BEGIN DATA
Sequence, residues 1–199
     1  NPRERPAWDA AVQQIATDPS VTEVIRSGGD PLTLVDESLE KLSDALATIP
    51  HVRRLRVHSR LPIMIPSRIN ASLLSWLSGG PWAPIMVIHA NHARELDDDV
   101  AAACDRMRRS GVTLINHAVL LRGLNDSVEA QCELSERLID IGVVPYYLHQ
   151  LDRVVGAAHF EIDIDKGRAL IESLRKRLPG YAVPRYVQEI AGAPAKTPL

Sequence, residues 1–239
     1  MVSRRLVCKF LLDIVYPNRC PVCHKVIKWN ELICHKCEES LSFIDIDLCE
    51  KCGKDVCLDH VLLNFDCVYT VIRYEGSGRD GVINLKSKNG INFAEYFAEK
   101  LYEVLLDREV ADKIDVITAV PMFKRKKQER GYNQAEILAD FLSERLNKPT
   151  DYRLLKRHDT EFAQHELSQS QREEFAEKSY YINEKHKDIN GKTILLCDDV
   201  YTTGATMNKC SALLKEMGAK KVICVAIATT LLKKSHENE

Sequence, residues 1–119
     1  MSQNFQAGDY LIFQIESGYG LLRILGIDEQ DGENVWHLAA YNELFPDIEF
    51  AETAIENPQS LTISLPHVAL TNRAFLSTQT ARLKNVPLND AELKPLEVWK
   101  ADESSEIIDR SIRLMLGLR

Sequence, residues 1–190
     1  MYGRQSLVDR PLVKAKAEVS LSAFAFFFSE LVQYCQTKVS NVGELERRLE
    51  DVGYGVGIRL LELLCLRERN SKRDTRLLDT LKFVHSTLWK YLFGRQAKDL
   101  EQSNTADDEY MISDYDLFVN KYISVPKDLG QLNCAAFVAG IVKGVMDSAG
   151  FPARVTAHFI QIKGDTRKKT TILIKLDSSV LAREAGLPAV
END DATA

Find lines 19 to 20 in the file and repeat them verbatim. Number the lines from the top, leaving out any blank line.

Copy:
   101  EQSNTADDEY MISDYDLFVN KYISVPKDLG QLNCAAFVAG IVKGVMDSAG
   151  FPARVTAHFI QIKGDTRKKT TILIKLDSSV LAREAGLPAV